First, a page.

First, we sampled from only one single year of psychological research. It could be that things are changing, to the better or to the worse, and sampling from different years could help decide how reliable our findings are and how dynamic the presumed processes are.

Second, our analysis includes less than half of all papers, namely those which were quantitative and for which we were able to extract data on SS,

Third, we choose our strategy to focus on the main finding to avoid violating independence. Since authors tend to begin papers with the best data (or develop their argument along the strongest finding), our analysis is not representative for all results within an article. Note, however, that it is the main finding that receives most attention.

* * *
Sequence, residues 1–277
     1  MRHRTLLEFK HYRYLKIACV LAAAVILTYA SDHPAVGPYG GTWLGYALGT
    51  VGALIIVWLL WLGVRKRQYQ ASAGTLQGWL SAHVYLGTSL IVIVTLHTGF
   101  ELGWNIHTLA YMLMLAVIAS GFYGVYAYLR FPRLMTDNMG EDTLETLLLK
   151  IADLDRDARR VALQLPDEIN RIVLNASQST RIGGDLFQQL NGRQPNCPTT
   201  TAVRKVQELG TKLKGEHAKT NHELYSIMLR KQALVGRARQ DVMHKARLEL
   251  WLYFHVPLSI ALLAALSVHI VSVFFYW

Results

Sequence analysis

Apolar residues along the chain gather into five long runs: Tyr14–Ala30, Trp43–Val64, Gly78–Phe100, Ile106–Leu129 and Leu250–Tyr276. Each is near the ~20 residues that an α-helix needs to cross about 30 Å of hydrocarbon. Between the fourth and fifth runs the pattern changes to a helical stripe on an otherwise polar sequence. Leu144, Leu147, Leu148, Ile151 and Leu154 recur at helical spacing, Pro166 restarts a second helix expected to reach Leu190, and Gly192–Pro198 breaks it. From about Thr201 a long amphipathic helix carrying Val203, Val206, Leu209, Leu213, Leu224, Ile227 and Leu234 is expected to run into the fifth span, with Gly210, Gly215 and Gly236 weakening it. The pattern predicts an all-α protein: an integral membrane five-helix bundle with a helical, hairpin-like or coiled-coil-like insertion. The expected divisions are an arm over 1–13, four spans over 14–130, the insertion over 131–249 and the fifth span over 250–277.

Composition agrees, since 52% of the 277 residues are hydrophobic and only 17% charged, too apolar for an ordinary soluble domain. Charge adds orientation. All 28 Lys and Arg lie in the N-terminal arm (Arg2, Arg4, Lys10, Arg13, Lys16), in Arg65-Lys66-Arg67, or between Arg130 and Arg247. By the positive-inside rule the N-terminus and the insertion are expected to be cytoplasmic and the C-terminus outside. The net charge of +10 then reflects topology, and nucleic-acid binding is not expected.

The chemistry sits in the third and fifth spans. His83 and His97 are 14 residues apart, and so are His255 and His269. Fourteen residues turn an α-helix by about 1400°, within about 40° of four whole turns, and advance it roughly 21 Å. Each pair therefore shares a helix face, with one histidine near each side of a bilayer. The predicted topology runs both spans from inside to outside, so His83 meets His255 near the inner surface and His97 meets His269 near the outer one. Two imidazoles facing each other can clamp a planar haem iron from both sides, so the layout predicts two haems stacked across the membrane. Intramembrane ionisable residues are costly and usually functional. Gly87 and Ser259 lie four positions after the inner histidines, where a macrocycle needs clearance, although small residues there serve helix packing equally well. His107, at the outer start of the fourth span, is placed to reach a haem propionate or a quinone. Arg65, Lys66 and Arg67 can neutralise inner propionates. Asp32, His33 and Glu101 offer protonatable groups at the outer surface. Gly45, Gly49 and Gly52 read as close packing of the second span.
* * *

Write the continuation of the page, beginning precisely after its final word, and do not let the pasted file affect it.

Fourth, we generalized over all areas of psychological research. In some areas independence between ES and SS might exist. Our analysis is coarse-grained and the general picture may not apply for all areas.

These limitations should be kept in mind for evaluating how challenging our findings are for psychological research. An extreme interpretation of our findings is that nearly every result obtained in a small sample study overestimates the true effect. This pessimistic view is based on the fact that due to the high ES - SS correlation in conjunction with publication bias mainly overestimated findings tend to make it into publication. However, we opt for a more tempered view: First, probably not all of the small studies will be affected. In addition, there is no problem with large studies: these measure the underlying effect precisely and tend to find significant effects by virtue of high power. Most importantly,